Sunday, February 22, 2015

It's a skill building kind of weekend!

Not every idea is a winner. In this case, I think my concept was good, but I ran into some issues with execution.

sequin dress mashup plan

The idea was to make a happy sparkly dress for my trip to Las Vegas next month (woo!). I found some beautiful feline-esque sequin mesh at Gorgeous Fabrics that I decided I needed to have. After much deliberation, I had a vision of a cowl neck and a straight skirt. So I combined two patterns that I have successfully made in the past (my mashup plan is pictured above): the Vogue 1351 bodice (for the cowl and the full lining) and the McCall's 6612 skirt (short and straight with no waist seam). What I did not take into consideration was the drape of the fabric (or rather, lack thereof). It should have been obvious, I guess-- but I had a vision and was blinded to anything else. Anyway:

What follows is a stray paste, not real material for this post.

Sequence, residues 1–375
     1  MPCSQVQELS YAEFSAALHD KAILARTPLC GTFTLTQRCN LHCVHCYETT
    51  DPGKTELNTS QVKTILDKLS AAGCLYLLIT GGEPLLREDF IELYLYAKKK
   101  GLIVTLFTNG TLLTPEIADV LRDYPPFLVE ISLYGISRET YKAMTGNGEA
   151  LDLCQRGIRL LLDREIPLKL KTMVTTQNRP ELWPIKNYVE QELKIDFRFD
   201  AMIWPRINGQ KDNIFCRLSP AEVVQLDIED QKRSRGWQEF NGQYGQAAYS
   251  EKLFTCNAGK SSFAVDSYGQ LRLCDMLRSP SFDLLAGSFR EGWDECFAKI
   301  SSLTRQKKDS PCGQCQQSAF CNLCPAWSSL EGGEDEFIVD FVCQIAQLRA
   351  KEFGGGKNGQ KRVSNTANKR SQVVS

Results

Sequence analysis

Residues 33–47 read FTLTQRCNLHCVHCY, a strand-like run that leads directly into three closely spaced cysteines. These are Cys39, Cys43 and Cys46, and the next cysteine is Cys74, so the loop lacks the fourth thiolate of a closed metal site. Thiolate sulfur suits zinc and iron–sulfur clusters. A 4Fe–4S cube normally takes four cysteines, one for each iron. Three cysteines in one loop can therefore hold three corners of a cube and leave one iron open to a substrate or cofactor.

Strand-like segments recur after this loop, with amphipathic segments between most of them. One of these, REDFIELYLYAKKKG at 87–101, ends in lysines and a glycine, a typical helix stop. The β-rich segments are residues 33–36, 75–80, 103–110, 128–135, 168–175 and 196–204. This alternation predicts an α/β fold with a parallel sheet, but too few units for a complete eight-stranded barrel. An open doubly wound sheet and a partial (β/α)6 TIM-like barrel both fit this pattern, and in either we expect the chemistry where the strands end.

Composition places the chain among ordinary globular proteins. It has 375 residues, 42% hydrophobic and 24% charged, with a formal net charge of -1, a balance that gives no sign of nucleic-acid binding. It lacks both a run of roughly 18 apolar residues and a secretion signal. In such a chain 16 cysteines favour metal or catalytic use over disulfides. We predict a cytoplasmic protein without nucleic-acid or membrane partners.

failed sequin dress, front view weirdness

Yeah. It just looks weird!

sequin dress fail, side view of crazy cowl

My first thought was it looked kind of space-age the way it just kind of sticks straight up/out. Ha! (Gah-- I should have sucked in my belly more too... keeping it real here at the Crafty Musings! :P)

I did attempt to mitigate by cutting off the cowl and working to finagle it into a tank-style neckline without undoing everything else. That was a fail too (no pictures of that). So I went nuclear and took it all apart.

fun times picking out stitches from the sequin mesh